Fortier, Alexandre, & Jacquelyn A. Burkell (2016, November). Display and control in online social spaces: Towards a typology of users. New Media & Society, 20(3), 845-861. (doi: 10.1177/1461444816675184) (Link: https://doi.org/10.1177/1461444816675184)
Abstract: Earlier research using qualitative techniques suggests that the default conception of online social networks is as public spaces with little or no expectation of control over content or distribution of profile information. Some research, however, suggests that users within these spaces have different perspectives on information control and distribution. This study uses Q methodology to investigate subjective perspectives with respect to privacy of, and control over, Facebook profiles. The results suggests three different types of social media users: those who view profiles as spaces for controlled social display, exerting control over content or audience; those who treat their profiles as spaces for open social display, exercising little control over either content or audience; and those who view profiles as places to post personal information to a controlled audience. We argue that these different perspectives lead to different privacy needs and expectations.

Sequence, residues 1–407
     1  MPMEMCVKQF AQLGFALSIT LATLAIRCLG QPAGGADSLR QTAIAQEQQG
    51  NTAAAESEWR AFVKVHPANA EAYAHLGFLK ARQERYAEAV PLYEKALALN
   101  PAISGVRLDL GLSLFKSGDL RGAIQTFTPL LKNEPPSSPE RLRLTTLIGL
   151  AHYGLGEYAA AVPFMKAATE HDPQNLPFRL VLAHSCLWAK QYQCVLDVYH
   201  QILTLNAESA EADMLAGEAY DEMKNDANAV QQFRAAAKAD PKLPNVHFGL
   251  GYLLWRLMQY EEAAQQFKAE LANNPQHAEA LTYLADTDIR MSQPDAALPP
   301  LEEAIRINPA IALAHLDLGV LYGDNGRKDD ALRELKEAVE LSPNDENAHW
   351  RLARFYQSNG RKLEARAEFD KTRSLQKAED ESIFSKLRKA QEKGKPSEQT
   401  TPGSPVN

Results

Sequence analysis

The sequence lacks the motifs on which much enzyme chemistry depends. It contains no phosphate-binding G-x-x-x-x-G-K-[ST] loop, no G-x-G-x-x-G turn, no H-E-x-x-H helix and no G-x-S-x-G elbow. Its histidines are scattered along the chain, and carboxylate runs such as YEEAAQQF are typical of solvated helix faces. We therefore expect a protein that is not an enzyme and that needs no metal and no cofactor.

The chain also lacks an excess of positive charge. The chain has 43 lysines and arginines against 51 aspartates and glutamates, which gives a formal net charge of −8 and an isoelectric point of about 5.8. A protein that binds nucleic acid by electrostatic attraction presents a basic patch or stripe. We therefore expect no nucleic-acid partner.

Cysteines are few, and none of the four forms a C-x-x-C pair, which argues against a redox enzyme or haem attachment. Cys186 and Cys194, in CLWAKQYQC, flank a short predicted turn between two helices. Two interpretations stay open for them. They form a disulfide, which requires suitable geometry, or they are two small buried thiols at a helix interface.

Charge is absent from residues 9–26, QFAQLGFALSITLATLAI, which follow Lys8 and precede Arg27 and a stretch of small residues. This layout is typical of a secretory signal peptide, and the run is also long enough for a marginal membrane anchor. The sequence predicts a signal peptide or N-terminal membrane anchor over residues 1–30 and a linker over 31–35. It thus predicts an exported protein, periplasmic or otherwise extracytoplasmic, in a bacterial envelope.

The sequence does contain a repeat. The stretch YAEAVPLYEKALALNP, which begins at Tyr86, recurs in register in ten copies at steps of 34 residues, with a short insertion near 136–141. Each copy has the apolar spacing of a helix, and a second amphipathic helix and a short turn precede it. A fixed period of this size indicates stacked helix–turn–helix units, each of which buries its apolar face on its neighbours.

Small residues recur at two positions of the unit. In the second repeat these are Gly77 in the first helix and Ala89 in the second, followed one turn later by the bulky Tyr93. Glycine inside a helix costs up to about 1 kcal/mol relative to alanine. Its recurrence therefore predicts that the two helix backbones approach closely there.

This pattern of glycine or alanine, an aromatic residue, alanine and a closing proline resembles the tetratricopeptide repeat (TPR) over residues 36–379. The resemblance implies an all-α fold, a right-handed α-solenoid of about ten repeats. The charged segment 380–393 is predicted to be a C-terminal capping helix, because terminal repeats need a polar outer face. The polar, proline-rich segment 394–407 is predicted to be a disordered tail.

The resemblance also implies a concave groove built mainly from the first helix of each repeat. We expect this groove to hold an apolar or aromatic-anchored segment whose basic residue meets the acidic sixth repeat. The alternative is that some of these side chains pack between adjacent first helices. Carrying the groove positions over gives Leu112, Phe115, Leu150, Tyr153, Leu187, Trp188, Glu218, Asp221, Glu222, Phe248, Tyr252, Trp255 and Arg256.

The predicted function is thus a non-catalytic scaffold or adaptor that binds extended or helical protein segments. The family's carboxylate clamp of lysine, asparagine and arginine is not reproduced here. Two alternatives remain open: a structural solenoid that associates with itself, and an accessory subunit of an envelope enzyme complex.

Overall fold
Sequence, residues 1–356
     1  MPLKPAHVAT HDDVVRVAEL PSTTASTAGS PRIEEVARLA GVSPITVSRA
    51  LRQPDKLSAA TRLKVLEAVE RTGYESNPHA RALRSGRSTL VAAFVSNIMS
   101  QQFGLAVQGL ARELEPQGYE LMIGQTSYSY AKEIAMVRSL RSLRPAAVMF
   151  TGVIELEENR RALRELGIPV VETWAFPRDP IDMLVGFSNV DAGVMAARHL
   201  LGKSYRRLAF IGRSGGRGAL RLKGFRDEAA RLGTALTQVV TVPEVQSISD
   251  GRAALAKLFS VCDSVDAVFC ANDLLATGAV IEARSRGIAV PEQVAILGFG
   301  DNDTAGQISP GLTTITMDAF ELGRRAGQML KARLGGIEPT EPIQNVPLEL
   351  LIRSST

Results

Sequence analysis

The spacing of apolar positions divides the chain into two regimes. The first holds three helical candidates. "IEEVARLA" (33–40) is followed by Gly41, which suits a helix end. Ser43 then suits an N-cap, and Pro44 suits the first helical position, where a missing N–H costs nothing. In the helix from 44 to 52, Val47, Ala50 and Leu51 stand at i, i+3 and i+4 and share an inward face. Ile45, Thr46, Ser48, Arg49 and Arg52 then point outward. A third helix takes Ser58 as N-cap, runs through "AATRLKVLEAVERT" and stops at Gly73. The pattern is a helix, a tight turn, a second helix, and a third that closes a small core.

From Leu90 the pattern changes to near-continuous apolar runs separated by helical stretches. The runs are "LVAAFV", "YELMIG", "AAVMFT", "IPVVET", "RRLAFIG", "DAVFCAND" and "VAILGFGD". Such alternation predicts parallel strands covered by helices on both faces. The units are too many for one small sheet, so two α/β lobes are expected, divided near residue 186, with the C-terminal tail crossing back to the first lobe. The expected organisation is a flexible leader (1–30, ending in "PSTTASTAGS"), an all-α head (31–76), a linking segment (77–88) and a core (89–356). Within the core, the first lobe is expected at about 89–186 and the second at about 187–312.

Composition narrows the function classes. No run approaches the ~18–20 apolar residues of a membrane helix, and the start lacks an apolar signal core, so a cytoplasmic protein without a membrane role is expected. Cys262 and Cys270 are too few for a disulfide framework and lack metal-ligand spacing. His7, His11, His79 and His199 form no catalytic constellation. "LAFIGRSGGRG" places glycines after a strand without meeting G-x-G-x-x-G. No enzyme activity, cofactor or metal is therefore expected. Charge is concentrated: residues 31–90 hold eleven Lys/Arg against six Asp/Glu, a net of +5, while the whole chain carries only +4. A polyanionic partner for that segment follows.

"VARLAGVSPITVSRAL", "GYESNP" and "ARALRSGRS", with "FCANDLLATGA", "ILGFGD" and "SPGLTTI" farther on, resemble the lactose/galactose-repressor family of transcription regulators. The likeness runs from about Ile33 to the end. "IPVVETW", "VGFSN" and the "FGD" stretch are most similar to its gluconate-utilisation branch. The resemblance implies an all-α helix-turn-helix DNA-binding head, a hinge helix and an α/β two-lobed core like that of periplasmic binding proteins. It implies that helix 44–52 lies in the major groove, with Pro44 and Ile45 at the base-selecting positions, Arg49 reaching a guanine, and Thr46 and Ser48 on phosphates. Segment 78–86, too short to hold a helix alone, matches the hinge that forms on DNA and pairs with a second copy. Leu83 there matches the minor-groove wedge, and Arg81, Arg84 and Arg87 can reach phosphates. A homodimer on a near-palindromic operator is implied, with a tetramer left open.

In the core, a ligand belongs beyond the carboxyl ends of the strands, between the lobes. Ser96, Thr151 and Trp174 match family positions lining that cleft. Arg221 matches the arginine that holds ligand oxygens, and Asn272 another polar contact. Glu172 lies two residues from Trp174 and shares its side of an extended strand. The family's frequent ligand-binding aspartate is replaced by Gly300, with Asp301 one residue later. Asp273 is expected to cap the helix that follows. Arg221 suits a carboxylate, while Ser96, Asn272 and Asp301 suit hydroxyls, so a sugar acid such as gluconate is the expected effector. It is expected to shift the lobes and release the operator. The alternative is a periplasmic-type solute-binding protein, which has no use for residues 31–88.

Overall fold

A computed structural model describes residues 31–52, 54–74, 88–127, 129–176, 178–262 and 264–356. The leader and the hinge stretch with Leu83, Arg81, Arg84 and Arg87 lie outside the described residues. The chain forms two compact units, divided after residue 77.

Alexandre Fortier <email@example.com> is in the School of Information Studies, McGill University, Montreal, Canada. Jacquelyn A Burkell <firstname.lastname@example.org> is on the Faculty of Information and Media Studies, University of Western Ontario, Canada.